• William Sharpe: July 1830 - Jan 1917
  • Ann: Oct 1832 - Oct 1862
  • John: Feb 1835 - Aug 1904
  • Elizabeth: Apr 1838 - Apr 1914
  • George: Nov 1840 - Mar 1911
  • Kirkpatrick: Feb 1844 - Dec 1895
  • From [Dretske], we know that he made optical instruments as early as 1842, and he continued to do so throughout the remainder of his life. In October 1850, William emigrated from Rochdale to Millburn, (Lake county, IL) with his family (six children), $12,000, and a lathe. An 1861 property map of the area shows the location of the property: upper left hand corner, highlighted, and mis-spelled. William was one of a small number of people in America who made telescopes and microscopes at the time; the Lake county discovery museum (Wauconda, IL) has one of each of these. The museum also has a number of [microscope] slides which he brought with him to Millburn.
    Records indicate that William made a microscope for Philo Hoy, a Racine, WI, naturalist and pioneer which is recorded as being given to the Wisconsin State Historical Society, but lost. The Philo Hoy exhibit in the Racine Heritage Museum has a microscope in it which might be a Buffham microscope (the lost one?).
    In 1867 (possibly late 1866), William and Eliza were entrusted with the care of their [toddler] grandson George Gorton II, when their daughter Elizabeth, her husband, George Gorton I, and his older children travelled to Douglas on the Isle of Mann, to purchase a residence there. After about a year, Elizabeth and George I moved back to Racine and set up a paint shop with William Sharpe Buffham (William and Eliza's eldest child); William and Eliza relocated to Racine soon after this. A business card still exists:
    The front:

    The back:

    some of their personal posessions

    Various of William and Eliza's personal artifacts have survived, including Eliza's bible, William's watch, and a painting by William.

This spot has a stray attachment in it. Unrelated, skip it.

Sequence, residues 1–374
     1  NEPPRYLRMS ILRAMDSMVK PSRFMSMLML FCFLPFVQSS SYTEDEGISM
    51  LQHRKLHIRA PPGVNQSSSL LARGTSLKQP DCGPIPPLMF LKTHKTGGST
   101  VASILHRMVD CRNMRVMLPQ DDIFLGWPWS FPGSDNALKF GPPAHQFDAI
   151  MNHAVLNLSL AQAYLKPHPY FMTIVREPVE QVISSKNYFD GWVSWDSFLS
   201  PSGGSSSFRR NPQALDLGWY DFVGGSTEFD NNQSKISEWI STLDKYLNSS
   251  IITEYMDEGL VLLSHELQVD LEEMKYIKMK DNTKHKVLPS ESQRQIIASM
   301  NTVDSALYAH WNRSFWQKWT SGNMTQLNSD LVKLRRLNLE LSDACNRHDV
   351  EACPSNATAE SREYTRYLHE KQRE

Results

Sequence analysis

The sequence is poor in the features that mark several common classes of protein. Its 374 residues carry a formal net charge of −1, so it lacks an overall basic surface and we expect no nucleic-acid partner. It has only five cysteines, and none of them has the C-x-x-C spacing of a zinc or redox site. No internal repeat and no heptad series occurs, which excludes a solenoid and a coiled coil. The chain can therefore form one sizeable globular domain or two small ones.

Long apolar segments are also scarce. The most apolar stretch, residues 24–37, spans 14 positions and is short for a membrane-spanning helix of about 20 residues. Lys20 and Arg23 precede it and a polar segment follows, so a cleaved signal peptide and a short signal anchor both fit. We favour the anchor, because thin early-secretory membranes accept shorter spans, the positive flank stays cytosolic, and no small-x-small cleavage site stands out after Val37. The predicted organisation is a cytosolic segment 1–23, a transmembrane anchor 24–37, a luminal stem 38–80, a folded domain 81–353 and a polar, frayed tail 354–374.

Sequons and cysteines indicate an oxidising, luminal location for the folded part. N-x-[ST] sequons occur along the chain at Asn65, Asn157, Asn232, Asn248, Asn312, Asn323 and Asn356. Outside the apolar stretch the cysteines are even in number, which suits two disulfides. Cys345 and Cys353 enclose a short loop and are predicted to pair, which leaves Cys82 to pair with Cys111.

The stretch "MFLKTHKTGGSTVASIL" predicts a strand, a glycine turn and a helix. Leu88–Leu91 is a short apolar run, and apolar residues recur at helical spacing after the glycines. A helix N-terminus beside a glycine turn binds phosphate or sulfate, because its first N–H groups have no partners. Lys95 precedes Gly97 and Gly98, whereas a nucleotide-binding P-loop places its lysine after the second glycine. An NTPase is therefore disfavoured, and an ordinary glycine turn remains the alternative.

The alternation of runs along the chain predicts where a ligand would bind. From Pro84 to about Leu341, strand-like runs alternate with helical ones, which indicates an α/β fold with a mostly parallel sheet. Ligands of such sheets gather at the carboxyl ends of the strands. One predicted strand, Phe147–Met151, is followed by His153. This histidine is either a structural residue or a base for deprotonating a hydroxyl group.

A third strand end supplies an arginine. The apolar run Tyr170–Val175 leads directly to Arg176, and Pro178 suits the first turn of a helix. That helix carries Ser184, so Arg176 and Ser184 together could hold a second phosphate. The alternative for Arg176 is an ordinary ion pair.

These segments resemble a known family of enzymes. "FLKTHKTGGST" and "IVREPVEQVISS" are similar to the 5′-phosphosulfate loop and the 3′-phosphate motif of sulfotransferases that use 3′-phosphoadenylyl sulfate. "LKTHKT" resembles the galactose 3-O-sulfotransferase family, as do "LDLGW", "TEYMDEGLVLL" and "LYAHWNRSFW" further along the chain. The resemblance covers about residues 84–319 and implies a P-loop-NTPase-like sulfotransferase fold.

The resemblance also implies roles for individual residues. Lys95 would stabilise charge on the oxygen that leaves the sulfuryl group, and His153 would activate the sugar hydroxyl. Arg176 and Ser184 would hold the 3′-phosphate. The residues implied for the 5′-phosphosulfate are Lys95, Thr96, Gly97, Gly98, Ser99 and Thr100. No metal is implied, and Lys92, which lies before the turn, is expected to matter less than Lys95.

William's watch:
    According to a horologist who specializes in clocks from 1700-1940, this watch is a plain-posted verge fusee watch, probably of french manufacture, circa 1830-1840. There is a hallmark of "BS" on the inside. It has gilded movement (an acid based process), and was clearly used as an every-day item based upon the gilding rubbing off. It was given by Eliza Buffham to George Gorton II in 1895, and subsequently to Charles Gorton on Dec. 25, 1936 as a christmas present.

    Eliza's bible:
    An 1848 date inside, presumably when she acquired it, given to George Gorton II in 1878, subsequently to Charles & Dotty Gorton at christmas, 1936.

    If you take a close look at the original (the photograph doesn't do it justice), you can see a small portrait incorporated, likely a self-portrait. It is on the panel just above the head of the statue/sculpture on the right side of the painting. The detail reads: "Presented by William Buffham (who painted the same) in 1867 and given to Mrs. Geo. Gorton by her father (the above Wm. Buffham) -- May -- 1867
    At my death to go to Geo. Gorton II my son, signed Lizzie Gorton (Mrs. Geo. Gorton)
    Given by Geo. Gorton II to Geo. Gorton III on July 4, 1927"
    Given to Geo. Gorton IV on Aug. 24, 1965

    Both William and Eliza died and are buried in Mound Cemetery in Racine, WI. in Block 17, Lot #3 (an obelisk).

    Various photos of William Buffham and relevant artifacts

    These are photos of content at the Lake County Discovery Museum, Lake County, Illinois.

    A photo of the exhibit at the lake county museum; the background is an enlargement of one of his microscope slides, with a picture of the slide case below.